From October 2016 to March 2017 the team is joined by Guest Kats Rosie Burbidge and Eibhlin Vardy, and by InternKats Verónica Rodríguez Arguijo, Tian Lu and Hayleigh Bosher.

Tuesday, 9 December 2014

When Trademarks Overlap With Other IP Rights: conference report 7

Apologies: I couldn't make detailed notes on this session: a combination of screen-freezes and poor internet connection proved too great a challenge ...

"Fortunately we no longer live in Feudal times", said Professor Anselm Kamperman Sanders in his opening comments on the session entitled "Trademarks and Unfair Competition", moderated by Axel Nordemann. Anselm gave a masterly overview of the conception, birth and early years of the concept of unfair competition from even before the creation of the European common market. Anselm spoke warmly of the role played by Rudolf Callmann and the architecture of a set of laws addressing unjust enrichment and the protection of consumer choice as well as the prevention of unfair competition; he believed that a small amount of confusion was not necessarily harmful if consumers learned from it and if it also ultimately enhanced competition.

After also mentioning the contributions of INTA "founding father" Stephen Ladas and the first WIPO Director General Georg Bodenhausen, Anselm moved on to present times. How things have changed after the enactment of the EU legislation on trade marks and its interpretation by the Court of Justice of the European Union (CJEU), he observed. The CJEU had to consider whether its jurisdiction was confined within the walls of that legislation or whether it could also move beyond it to the interface of trade mark law and unfair competition, especially with regard to issues like comparative advertising and free-riding, where competence to visit national law principles has been assumed, citing instances such as Case C-487/07 L'Oréal and Others v Bellure [on which see, eg, Katposts here and here].



Next to speak was Gordian Hasselblatt (CMS Hasche Sigle), who discussed the "protective purpose" of trade marks and their relation to principles of unfair competition. As trade mark protection has expanded to embrace the protection of well known marks where there is no risk of confusion, it has provided the sort of protection which was once within the scope of unfair competition law.

Gordian also took a look at lookalikes: are they automatically unfair and unfair competition? They they may be simply trying to do is to grasp the total look and feel and create the same overall impression without actually infringing trade mark rights: they may be infringing design rights and copyright in the copied product.  Gordian looked at some German case law, including the Snickers/Winergy packaging dispute displayed on the left and concluded that, when it comes to the application of unfair competition principles, decisions can be unpredictable -- so trade mark protection, where available, is always best.  A holistic approach is needed, embracing all IP rights and unfair competition law though, in an ideal world, IP and unfair competition law would go hand in hand.

Fellow Kat Neil was next to speak, looking at the common law (US and English) position on unfair competition.  After professing not to understand the concept of unfair competition at all, Neil took us through the doctrinal split between the economists of Harvard (who believed trade marks to be monopoly-inducing monsters that should be shackled and subject to compulsory licensing when suiccessful) and Chicago (trade marks are great: they provide information for consumers, reduce search costs and promote innovation). In the event it was the latter who prevailed.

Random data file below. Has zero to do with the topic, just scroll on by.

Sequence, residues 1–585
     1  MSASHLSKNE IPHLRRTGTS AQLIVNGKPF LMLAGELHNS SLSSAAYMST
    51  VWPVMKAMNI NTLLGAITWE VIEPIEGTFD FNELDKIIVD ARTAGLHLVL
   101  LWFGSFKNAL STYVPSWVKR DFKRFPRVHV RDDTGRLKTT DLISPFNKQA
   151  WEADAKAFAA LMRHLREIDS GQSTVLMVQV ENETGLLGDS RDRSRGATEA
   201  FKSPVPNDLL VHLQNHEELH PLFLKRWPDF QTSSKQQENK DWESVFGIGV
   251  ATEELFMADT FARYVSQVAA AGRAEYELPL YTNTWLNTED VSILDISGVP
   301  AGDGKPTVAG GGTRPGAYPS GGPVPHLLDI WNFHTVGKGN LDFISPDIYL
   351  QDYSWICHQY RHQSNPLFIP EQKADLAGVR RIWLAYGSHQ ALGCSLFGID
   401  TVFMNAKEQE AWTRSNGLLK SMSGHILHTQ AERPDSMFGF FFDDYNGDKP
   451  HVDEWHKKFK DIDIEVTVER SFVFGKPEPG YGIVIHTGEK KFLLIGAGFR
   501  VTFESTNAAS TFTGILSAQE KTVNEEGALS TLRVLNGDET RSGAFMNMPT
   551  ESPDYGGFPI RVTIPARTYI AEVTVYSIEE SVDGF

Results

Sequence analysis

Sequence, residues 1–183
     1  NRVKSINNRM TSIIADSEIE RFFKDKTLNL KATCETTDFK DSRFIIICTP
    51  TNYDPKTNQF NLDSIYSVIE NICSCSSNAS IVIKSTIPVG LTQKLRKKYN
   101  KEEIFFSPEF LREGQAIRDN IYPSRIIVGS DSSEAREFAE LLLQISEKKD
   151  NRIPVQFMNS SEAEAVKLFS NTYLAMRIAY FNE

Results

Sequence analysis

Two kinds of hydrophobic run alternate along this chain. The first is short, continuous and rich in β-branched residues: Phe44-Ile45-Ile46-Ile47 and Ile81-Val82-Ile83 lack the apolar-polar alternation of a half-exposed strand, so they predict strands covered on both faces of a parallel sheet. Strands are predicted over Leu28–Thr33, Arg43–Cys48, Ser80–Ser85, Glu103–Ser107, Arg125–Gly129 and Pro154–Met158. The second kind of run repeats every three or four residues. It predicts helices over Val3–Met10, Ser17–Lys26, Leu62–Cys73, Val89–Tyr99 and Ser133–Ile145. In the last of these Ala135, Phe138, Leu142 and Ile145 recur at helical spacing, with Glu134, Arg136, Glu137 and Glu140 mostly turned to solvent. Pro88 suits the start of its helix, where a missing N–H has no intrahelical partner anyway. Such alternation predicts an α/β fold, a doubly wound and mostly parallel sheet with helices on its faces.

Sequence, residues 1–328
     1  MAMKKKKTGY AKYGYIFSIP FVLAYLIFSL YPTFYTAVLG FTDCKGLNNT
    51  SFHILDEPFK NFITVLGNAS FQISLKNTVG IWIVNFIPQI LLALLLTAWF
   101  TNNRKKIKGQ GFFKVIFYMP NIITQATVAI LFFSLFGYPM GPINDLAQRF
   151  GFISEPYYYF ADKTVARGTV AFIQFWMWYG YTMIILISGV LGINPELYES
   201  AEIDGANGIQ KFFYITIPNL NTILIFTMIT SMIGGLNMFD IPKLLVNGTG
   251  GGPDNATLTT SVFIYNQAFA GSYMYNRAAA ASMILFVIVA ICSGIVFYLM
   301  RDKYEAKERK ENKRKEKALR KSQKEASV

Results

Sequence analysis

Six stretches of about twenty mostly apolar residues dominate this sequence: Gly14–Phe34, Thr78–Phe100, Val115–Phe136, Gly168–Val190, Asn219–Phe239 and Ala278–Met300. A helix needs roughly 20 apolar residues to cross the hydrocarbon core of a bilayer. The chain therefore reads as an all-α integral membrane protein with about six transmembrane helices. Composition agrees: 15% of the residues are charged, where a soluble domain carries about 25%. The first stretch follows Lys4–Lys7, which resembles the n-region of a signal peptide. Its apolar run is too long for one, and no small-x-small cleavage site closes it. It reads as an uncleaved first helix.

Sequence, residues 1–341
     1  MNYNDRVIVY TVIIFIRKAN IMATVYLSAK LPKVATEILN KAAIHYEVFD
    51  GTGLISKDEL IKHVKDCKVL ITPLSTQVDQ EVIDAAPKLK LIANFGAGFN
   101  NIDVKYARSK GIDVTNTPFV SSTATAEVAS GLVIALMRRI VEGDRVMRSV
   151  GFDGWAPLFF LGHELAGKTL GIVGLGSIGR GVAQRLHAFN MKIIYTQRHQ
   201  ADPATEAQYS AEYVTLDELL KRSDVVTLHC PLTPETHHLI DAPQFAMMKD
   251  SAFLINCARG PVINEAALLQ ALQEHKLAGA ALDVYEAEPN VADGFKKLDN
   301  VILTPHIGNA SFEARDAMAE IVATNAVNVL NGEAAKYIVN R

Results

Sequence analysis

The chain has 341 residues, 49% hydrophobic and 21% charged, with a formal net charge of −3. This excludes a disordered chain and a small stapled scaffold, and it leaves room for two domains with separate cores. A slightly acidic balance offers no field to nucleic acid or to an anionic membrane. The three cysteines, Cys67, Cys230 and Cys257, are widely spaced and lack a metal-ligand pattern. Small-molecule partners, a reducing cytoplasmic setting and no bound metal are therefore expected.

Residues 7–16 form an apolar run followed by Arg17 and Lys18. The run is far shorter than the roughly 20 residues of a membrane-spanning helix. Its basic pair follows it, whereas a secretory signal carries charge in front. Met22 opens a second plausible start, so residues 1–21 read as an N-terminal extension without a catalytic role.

Turning to s 43(1) of the Lanham Act, Neil showed how far it protects unregistered marks and trade dress, sending out a message that trade marks are liked, plaintiffs are welcomed -- with just one downside: it doesn't offer any opportunities for injured consumers to sue [citing the recent Neil-Jeremy Katpost on the consumer protection of trade marks, here]. Looking at case law, Neil then outlined misappropriation doctrine: was it an alternative basis for trade mark protection: its locus classicus, the US Supreme Court decision in International News Service v Associated Press has had "a pretty rocky last 90 years", he noted. But are we seeing a move in England from misrepresentation to misappropriation doctrine? He cited the VODKAT and Rihanna cases [Katposts here and here] which appear to suggest that case law has not actually moved very far from its original position.

Next to speak was Myrtha Hurtado Rivas (Novartis AG), who gave a strategic overview of the trade mark v unfair competition position from the standpoint of a business that had to make decisions as to how -- and where -- to enforce its rights and protect its interests in the Europe of today -- and beyond. Issues such as local variations in evidential and procedural requirements and choice of witnesses must be addressed. For a pharmaceutical company, the most sensitive point of time is the moment its products come off patent, when branding and trade dress are of critical importance.  Myrtha cited the specific example of EXELON patches for the delivery of a treatment for Alzheimer's, which is currently the subject of ongoing litigation both in Europe and beyond it. Gaining evidence of distinctiveness of a patch which is contained within both primary and secondary packaging is quite a complex exercise, but this had to be done before proceedings could be brought for trade mark infringement and unfair competition against a manufacturer of a lookalike generic product, showing a Hamburg court that a proportion of medical practitioners could themselves be confused.

No comments:

Subscribe to the IPKat's posts by email here

Just pop your email address into the box and click 'Subscribe':